Traces

.

Traces

 .

In the whisper of tomorrow

the wood is burning and the trees

have died. A swallow is perched

on the fence as the twilight nears.

I have taken the hinges

off the door, waiting to see what enters,

waiting as my hunger works like

midnight in my stomach, dictating

the flavour of the coming stars.

Daunted, branded by the heaving wind,

alone with my prayers and the telephone turned

up high – will the answer come before the grave

or will obscurity greet me every new dawn

like a hand unheld or a gate torn down?

It is humming, the sound of this underground sorrow.

It hums of poetry and the earth and the bug eaten leaves.

It burns and cannot bloom in bookstores, will not bloom

in the silence of a single decade or in the darkness of

a closed drawer.

Outside, the children go inside, readying for sleep.

I tread waterways in my mind

and send my kisses mid-air.

.

.

Copyright © 2002 by Allison Grayhurst

3011

amazon.com/author/allisongrayhurst

.

First published in “Leaves of Ink”

Leaves of InkLeaves of Ink traces

http://www.leaves-of-ink.com/search/?q=allison+grayhurst

.

You can listen to the poem by clicking below:

https://allisongrayhurst.files.wordpress.com/2012/03/traces.m4a

.

“Allison Grayhurst intertwines a potent spirituality throughout her work so that each poem is not simply a statement or observation, but a revelation that demands the reader’s personal involvement. Grayhurst’s poetic genius is profound and evident. Her voice is uniquely authentic, undeniable in its dignified vulnerability as it is in its significance,” Kyp Harness, singer/songwriter, author.

“Allison Grayhurst’s poems are like cathedrals witnessing and articulating in unflinching graphic detail the gritty angst and grief of life, while taking it to rare clarity, calm and comfort. Grayhurst’s work is haunting, majestic and cleansing, often leaving one breathless in the wake of its intelligence, hope, faith and love amidst the muck of life. Many of Allison Grayhurst’s poems are simply masterpieces. Grayhurst’s poetry is a lighthouse of intelligent honour… indeed, intelligence rips through her work like white water,” Taylor Jane Green, Registered Spiritual Psychotherapist and author.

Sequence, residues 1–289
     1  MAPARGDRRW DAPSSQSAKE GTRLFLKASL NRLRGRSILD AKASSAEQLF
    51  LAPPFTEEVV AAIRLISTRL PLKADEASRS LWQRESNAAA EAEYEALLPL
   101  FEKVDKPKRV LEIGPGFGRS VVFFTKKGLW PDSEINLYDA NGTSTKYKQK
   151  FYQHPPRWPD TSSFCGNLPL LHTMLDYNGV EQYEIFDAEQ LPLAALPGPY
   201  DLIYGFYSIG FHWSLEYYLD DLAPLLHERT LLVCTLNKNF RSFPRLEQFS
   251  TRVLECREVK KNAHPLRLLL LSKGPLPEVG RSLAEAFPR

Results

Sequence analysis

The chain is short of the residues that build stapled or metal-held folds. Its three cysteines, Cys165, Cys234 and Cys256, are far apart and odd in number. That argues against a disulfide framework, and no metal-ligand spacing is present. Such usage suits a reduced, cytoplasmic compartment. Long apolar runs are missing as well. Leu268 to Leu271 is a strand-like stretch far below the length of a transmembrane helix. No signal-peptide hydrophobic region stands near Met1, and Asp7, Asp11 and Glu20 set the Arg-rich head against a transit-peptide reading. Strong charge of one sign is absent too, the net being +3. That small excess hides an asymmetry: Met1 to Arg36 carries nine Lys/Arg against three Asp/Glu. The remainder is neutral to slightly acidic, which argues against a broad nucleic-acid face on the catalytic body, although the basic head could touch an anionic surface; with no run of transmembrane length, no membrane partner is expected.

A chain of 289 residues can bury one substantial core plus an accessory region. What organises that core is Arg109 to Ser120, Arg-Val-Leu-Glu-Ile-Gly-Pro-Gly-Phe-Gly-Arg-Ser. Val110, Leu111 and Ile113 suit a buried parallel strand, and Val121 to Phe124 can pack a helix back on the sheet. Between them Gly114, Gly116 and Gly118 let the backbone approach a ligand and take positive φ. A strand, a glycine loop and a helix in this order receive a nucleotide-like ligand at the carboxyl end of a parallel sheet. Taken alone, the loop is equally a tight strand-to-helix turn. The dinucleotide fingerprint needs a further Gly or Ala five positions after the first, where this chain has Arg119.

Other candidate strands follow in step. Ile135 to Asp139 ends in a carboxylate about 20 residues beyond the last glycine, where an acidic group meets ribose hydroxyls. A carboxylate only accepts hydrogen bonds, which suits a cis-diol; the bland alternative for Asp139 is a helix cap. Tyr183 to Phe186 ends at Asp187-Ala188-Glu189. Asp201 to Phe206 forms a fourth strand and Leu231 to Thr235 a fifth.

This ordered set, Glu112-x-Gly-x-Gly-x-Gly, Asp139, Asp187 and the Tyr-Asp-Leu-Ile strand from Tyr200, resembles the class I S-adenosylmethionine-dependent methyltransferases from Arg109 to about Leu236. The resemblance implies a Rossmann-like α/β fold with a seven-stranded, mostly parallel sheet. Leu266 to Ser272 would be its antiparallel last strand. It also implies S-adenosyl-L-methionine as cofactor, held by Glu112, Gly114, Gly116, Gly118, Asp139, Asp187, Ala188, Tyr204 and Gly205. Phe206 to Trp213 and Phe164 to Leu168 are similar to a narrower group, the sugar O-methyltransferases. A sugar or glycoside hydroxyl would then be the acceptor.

.

.

3 responses to “Traces

  1. I often feel that your words start with a trickle and end with a down pouring, and end again with a trickle but with the sense of a “sigh” or “breath”. Reading your poems usually has this feeling of oncoming rush and then a pause…

    Like

  2. Beautiful… I especially like:
    “Outside, the children go inside, readying for sleep.

    I tread waterways in my mind

    and send my kisses mid-air.”

    Like

  3. Allison, this poem starts with a dark, dark vision that is almost frightening:
    In the whisper of tomorrow
    the wood is burning and the trees
    have died.
    You then take the hinges off the door, doors being the instruments we humans use to keep the outside away from our inner lives while allowing us to go outside.
    …waiting as my hunger works like
    midnight in my stomach, dictating
    the flavour of the coming stars.
    These are powerful lines! You are waiting to see what “outside” comes through the door, not afraid, filled with hunger, letting that hunger dictate the flavour of the coming stars.

    Then you ask a powerful question:
    …will the answer come before the grave
    or will obscurity greet me every new dawn
    like a hand unheld or a gate torn down?
    A question which probably drives all of those who become poets.

    It is humming, the sound of this underground sorrow.
    It hums of poetry and the earth and the bug eaten leaves.
    It burns and cannot bloom in bookstores, will not bloom
    in the silence of a single decade or in the darkness of
    a closed drawer.
    The craft of poetry in these lines, with the repetition of the It, is wonderful. The question, and the feared answer, humming an underground sorrow: It burns and cannot bloom in bookstores…
    (poetry, of course, not matter how great the poet, seldom does)

    But then your triumphant ending, at triumphant from where I sit:
    Outside, the children go inside, readying for sleep.
    I tread waterways in my mind
    and send my kisses mid-air.
    For in spite of the eternal question you have asked, you watch the children inside, reading for sleep, and send your kisses to them–and perhaps all of us, “mid-air.”

    The previous poem deserves comment to, but when I read this one I could not help myself. I had to comment on it. Ahh, for only more time during the day.

    Like

Leave a Reply

Fill in your details below or click an icon to log in:

WordPress.com Logo

You are commenting using your WordPress.com account. Log Out / Change )

Twitter picture

You are commenting using your Twitter account. Log Out / Change )

Facebook photo

You are commenting using your Facebook account. Log Out / Change )

Google+ photo

You are commenting using your Google+ account. Log Out / Change )

Connecting to %s